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The Changing World of Childhood Immunizations

by Iris Graville
July/August 2010
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Article Link: http://www.exchangepress.com/article/the-changing-world-of-childhood-immunizations/5019414/

Theories and practices in early childhood education continually evolve, and the same is true in the health field. Such change is especially apparent in the area of childhood immunizations. Since vaccination to prevent smallpox was first started in the late 1700s, recommendations for which immunizations to give when have been revised frequently. Early childhood programs are in a unique position to educate and assist families regarding this effective method of preventing serious illnesses. Fortunately, much information and many tools are available to support early childhood professionals in this important public health effort.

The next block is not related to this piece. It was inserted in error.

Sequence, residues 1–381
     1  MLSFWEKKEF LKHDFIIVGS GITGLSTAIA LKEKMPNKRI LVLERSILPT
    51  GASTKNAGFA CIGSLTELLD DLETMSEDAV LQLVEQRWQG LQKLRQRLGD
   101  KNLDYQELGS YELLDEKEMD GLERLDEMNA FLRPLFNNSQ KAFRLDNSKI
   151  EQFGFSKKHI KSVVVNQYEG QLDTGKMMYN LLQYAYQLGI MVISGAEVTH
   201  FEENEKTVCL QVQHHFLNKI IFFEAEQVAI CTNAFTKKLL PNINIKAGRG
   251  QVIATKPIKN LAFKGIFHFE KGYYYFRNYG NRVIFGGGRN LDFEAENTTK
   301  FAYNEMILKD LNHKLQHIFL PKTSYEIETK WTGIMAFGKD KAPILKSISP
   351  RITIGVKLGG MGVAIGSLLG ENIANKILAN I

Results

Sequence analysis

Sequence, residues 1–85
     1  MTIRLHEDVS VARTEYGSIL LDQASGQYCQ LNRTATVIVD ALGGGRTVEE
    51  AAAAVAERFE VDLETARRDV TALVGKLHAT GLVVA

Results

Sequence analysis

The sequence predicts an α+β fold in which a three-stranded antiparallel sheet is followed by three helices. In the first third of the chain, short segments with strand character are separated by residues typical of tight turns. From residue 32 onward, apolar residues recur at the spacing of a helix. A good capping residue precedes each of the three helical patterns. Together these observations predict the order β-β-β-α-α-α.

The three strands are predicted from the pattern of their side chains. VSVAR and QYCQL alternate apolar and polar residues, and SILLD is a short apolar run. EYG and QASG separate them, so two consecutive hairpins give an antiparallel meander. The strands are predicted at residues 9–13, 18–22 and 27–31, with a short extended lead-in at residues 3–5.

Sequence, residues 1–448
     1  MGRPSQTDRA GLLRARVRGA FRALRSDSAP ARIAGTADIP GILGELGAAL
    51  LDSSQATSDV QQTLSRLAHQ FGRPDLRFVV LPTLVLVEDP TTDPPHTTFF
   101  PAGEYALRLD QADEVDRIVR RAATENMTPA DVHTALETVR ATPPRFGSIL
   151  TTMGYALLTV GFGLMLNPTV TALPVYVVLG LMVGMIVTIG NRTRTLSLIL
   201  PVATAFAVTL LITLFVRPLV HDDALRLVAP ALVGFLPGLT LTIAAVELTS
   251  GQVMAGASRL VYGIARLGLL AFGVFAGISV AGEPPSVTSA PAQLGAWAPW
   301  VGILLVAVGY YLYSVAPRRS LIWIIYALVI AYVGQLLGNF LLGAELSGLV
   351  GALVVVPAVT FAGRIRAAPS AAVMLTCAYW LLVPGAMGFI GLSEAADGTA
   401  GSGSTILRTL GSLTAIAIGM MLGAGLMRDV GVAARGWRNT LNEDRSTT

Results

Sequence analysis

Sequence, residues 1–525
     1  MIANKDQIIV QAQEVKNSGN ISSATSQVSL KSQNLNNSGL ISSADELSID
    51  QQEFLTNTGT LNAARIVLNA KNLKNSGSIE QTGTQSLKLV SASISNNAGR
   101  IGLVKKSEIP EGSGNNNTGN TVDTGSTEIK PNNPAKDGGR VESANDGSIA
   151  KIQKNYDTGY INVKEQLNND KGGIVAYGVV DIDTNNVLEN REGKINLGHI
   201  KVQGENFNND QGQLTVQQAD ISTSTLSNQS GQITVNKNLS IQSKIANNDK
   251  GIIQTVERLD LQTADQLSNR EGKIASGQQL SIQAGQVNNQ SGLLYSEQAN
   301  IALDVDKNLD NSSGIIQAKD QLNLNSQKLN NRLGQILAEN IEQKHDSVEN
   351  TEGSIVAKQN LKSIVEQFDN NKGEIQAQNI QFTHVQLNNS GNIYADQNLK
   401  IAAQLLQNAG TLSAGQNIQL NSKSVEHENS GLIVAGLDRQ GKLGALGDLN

How vaccines work

During last year’s H1N1 influenza outbreak, information about immunizations was in the news nearly every day. However, many people remain confused about how vaccines work to protect us from illness.

When germs (bacteria or viruses) enter our bodies, a normal, healthy immune system recognizes them as ‘foreign’ invaders, or antigens, and produces millions of antibodies. These antibodies’ first job is to help destroy the germs that make us sick. Their second job is to protect us from future infections by becoming ‘memory cells,’ which prevent re-infection when they encounter that disease in the future. This is immunity, and it’s why most people get diseases like measles or ...

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